The goal of this Project is the better understanding of the relationship of basal cell carcinomas (BCCs) to tissue stem cells, utilizing the Ptch1 mouse model of BCC carcinogenesis as a robust research tool of real relevance to human skin cancer and more broadly to skin biology and tumorigenesis. This application is a direct outgrowth of our own NIH-funded studies of BCC carcinogenesis in these mice as well as of the insights of others that have occurred during the past half-decade. Based on these results we propose herein a set of experiments designed to address two important questions - (i) What is the cell of origin of BCCs? This is a question which, to our knowledge, has not been answered directly and experimentally for any cancer for the carcinogeneic process in vivo (ii) Are the cells of a BCC heterogeneous in their capacity for self-renewal? We propose a set of ambitious studies which are of a scope commensurate with these questions, which we are confident are sufficiently powerful to answer the questions, and which are so inter-related that there is a real synergy in addressing all of them together. We are able to propose these studies because of our long-standing interest and expertise in BCC carcinogenesis and, especially, because new techniques and approaches just now for the first time make these studies possible. ? ? ?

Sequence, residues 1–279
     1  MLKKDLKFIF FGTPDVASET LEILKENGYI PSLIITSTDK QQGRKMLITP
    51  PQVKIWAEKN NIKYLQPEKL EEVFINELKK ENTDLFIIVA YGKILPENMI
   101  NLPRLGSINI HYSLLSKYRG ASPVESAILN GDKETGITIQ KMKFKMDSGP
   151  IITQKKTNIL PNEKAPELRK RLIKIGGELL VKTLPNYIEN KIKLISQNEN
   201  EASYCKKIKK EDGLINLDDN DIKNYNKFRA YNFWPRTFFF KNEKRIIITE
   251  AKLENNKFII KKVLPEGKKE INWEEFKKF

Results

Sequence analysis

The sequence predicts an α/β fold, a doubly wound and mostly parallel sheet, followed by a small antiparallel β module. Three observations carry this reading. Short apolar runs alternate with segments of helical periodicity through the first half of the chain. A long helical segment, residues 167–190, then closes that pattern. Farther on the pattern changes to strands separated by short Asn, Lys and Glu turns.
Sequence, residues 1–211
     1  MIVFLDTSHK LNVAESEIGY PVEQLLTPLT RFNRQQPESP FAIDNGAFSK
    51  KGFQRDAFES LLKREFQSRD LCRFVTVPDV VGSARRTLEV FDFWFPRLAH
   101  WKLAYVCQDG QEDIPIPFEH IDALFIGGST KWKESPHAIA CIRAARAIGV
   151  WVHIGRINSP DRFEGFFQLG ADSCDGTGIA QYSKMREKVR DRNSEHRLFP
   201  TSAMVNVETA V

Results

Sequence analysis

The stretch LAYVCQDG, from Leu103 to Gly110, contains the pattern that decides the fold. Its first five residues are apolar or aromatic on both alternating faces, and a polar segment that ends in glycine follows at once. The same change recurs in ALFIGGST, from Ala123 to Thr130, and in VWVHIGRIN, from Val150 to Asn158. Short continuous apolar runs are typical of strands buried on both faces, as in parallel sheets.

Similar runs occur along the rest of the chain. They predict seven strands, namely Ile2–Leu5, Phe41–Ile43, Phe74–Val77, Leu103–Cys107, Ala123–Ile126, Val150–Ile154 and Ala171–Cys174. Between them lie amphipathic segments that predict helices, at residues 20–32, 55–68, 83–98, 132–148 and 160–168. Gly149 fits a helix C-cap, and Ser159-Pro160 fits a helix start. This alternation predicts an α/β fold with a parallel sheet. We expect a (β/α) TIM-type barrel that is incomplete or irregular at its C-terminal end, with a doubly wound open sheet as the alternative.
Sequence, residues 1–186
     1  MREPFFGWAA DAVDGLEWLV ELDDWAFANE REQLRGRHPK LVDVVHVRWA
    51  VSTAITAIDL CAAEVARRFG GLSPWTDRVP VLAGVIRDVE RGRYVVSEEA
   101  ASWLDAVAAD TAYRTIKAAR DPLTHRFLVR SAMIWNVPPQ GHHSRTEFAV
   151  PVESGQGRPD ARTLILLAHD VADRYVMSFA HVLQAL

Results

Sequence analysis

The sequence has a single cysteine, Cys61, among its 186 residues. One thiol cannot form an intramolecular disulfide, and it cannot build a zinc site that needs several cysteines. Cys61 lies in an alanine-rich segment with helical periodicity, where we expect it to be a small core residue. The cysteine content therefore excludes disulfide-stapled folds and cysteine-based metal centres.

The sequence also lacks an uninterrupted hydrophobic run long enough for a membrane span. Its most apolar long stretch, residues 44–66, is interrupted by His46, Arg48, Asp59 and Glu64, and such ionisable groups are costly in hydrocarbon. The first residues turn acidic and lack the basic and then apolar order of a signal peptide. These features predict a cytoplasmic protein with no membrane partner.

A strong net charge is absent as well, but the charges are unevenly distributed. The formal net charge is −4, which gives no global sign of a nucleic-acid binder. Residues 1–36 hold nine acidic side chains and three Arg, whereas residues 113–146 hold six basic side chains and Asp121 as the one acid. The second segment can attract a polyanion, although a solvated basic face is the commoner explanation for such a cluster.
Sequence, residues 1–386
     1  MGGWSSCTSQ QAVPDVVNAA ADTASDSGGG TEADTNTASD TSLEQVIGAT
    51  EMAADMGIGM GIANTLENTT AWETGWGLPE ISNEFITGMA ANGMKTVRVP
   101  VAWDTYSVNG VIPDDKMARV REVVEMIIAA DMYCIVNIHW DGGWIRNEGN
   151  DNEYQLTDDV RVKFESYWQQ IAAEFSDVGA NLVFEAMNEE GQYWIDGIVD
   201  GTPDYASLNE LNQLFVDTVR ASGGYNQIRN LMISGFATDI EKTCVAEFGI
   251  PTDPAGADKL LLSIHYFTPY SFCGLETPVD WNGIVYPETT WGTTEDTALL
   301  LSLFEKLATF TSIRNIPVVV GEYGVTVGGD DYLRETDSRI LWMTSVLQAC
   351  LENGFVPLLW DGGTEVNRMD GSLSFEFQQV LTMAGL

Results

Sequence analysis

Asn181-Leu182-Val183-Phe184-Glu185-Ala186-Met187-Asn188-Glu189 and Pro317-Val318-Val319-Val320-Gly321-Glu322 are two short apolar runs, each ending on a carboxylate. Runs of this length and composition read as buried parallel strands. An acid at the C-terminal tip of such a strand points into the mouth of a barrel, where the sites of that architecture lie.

|Epstein Jr, Ervin H (2011) Mommy - where do tumors come from? J Clin Invest 121:1681-3|
|Wang, Grace Ying; So, Po-Lin; Wang, Lynn et al. (2011) Establishment of murine basal cell carcinoma allografts: a potential model for preclinical drug testing and for molecular analysis. J Invest Dermatol 131:2298-305|
|Wang, Grace Ying; Wang, Joy; Mancianti, Maria-Laura et al. (2011) Basal cell carcinomas arise from hair follicle stem cells in Ptch1(+/-) mice. Cancer Cell 19:114-24|
|Epstein, Ervin H (2008) Basal cell carcinomas: attack of the hedgehog. Nat Rev Cancer 8:743-54|